How COVID-19 affected pregnancy and delivery for expecting mothers in 2020Jan 18, 2021 03:52PM ● By Alison Brimley
By Alison Brimley | [email protected]
In September 2020, West Jordan native Shaylynne Troester was days away from delivering her first child. The second grade teacher had taken two weeks off work at the recommendation of her doctor. At her 39 week appointment, she made the choice to be induced.
Hospital policy required mothers to be tested for COVID-19 before arriving at the hospital for induction, and Troester was scheduled for induction on a Tuesday. She received her test the previous Thursday, fully expecting it to come back negative. Instead, a few days later, the health department notified her that she was COVID positive.
“If I’d waited to go into labor I wouldn’t have known,” Troester said. “I had no symptoms; I felt completely fine. It was a shock.”
It was frustrating, too: she was asymptomatic and yet had to planned for a labor that would look very different from what she had envisioned. “It was our first baby; we had no idea what we were doing,” she said. “I felt physically fine, but it was a lot to process.”
“I don’t know what to expect”
Berkley Meisenbacher of Midvale is expecting her first baby in May. She works as a medical surgical nurse at Jordan Valley Medical Center West Valley, wears protective equipment at work and said most patients are tested for COVID before being sent into surgery. But there have been a few patients that have “slipped by,” and aren’t tested until after she’s seen them. Before finding out she was pregnant in September, Meisenbacher wasn’t too concerned about getting COVID, because her sister contracted it and recovered fully. But “now that I’m pregnant,” she said, “the thought of getting COVID is very frightening to me. I don’t know what to expect because there is so little research done about COVID because it’s so new.”
There are many unknowns about the risks COVID-19 poses to pregnant women. Of the information we do have, much is positive. It seems there is little risk of a COVID-positive mother transmitting the virus to her baby, and those babies who do contract it after birth tend to recover well. “The best data suggests that in-utero transmission of the SARS-CoV-2 virus is rare, but possible,” said Dr. Erin Clark, an associate professor of obstetrics and gynecology at University of Utah. Unlike a virus like Zika, the novel coronavirus likely does not pose unique risks to unborn babies; that is, “it does not appear to cause birth defects or miscarriage.”
Instead, the threat of COVID-19 to pregnant women is that it magnifies already existing risks. “The most recent U.S. data shows that women who are pregnant are about three times more likely to be admitted to the ICU and to require a ventilator compared to similar women who are not pregnant,” Dr. Clark said. “Pregnant women are also about 70% more likely to die of COVID-19.” Pregnant women with other health issues are at even higher risk.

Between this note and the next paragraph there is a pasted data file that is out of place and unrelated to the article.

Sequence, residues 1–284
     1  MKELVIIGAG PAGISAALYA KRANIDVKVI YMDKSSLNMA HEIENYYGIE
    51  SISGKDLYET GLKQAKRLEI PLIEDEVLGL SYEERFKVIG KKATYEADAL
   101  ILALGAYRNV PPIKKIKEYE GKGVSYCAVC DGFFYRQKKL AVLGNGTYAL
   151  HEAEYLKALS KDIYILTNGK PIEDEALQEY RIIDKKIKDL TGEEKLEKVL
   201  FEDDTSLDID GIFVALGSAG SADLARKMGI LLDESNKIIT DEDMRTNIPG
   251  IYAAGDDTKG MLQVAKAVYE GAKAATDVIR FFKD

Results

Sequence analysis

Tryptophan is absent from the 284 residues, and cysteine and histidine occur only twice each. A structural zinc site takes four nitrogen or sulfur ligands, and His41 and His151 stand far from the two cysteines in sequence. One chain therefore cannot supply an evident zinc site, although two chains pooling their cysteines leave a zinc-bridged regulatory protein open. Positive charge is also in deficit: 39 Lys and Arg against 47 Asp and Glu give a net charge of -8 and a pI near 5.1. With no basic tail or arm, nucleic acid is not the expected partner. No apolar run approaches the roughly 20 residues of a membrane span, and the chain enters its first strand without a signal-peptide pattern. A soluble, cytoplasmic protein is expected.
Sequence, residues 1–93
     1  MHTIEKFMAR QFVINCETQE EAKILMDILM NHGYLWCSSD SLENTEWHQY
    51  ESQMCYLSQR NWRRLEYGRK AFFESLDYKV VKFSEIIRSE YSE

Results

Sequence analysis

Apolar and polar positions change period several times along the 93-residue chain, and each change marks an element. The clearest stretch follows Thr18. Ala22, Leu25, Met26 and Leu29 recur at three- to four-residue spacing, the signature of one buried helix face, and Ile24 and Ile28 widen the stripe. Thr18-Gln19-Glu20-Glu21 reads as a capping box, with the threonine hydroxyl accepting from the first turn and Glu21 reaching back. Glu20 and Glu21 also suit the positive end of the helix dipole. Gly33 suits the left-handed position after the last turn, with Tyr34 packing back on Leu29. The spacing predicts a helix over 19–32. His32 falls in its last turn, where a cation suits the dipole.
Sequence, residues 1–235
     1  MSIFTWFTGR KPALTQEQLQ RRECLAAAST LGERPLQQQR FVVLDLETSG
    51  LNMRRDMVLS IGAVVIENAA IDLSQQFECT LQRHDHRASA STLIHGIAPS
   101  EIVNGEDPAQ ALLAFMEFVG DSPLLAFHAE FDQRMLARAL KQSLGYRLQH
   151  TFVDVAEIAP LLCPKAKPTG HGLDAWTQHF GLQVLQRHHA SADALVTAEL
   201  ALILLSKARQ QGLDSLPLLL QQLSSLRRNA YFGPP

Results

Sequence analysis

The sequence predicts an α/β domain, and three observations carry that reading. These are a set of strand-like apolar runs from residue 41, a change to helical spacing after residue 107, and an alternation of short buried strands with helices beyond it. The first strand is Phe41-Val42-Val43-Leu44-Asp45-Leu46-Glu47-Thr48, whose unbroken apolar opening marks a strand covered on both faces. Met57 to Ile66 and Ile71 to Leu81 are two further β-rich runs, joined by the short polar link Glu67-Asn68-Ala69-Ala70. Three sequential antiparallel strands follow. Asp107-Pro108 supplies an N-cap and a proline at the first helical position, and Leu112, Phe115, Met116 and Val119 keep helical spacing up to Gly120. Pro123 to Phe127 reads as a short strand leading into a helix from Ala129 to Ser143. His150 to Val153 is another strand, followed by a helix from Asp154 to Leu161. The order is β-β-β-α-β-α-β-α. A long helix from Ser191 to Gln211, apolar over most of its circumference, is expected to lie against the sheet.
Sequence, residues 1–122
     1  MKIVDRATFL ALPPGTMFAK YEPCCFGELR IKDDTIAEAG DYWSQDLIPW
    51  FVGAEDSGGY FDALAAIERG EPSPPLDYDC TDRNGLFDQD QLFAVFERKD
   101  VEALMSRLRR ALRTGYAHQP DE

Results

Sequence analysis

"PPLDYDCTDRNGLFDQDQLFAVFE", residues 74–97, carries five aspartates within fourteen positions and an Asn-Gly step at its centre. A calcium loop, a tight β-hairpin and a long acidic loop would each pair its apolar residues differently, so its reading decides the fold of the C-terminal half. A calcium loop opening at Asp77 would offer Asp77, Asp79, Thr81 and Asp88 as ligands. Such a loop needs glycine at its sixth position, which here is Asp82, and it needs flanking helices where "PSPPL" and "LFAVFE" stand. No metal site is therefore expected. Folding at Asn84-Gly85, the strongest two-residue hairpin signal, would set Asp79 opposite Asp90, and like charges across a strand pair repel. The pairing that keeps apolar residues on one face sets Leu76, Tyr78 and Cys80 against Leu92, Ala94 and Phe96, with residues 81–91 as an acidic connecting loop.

When it comes to women of color, the numbers are even more alarming. Almost all non-white groups in the U.S. face a disproportionate risk of contracting COVID-19 and a disproportionate risk of adverse pregnancy outcomes. Compounded, these numbers paint a dismal picture.
Still, absolute risk to pregnant women remains low. And given the short time frame researchers have had to gather data, studies’ sample sizes are simply not large enough to paint an accurate picture of the likelihood of severe COVID-related illness during pregnancy.
Despite her diagnosis, Shaylynne Troester delivered her baby without complications. She credits the staff at Jordan Valley hospital for helping her remain calm. Each nurse that entered her room wore full protective gear, and staff tried to limit the number of times they entered the room during labor. But her husband was allowed to be with her, even without a COVID test, and he could come and go freely. In the end, she feels her delivery “wasn’t all that different from normal.”
There was just one sign that the novel coronavirus had entered her body: blood clots in the placenta.
Both pregnancy and COVID-19 individually increase a person’s risk of blood clots; together the risk is even higher. Troester’s doctor mentioned this at her 32-week appointment and told her if she ever were to test positive, she would be closely monitored and put on blood thinners.
“I feel like my doctor was on top of it compared to some of the other doctors I have heard about,” Troester said. “Typically, if you are diagnosed with COVID, they put you on blood thinners right away. A lot of doctors are not following that. Some say it’s not proven.”
When Camille Wright of Draper contracted COVID in her first trimester of pregnancy this August, she received a 14-day course of blood thinners. She was also told that because of the risk of clots, she would not be allowed to carry past 39 weeks. That was OK with her.
Though Wright has fully recovered, her case was not asymptomatic. She found out she was pregnant on a Friday at the beginning of August; that Sunday she was scheduled to leave for a family reunion in Idaho. The Wrights—Camille; her husband, Jonathan; and two children—hadn’t seen any family since December.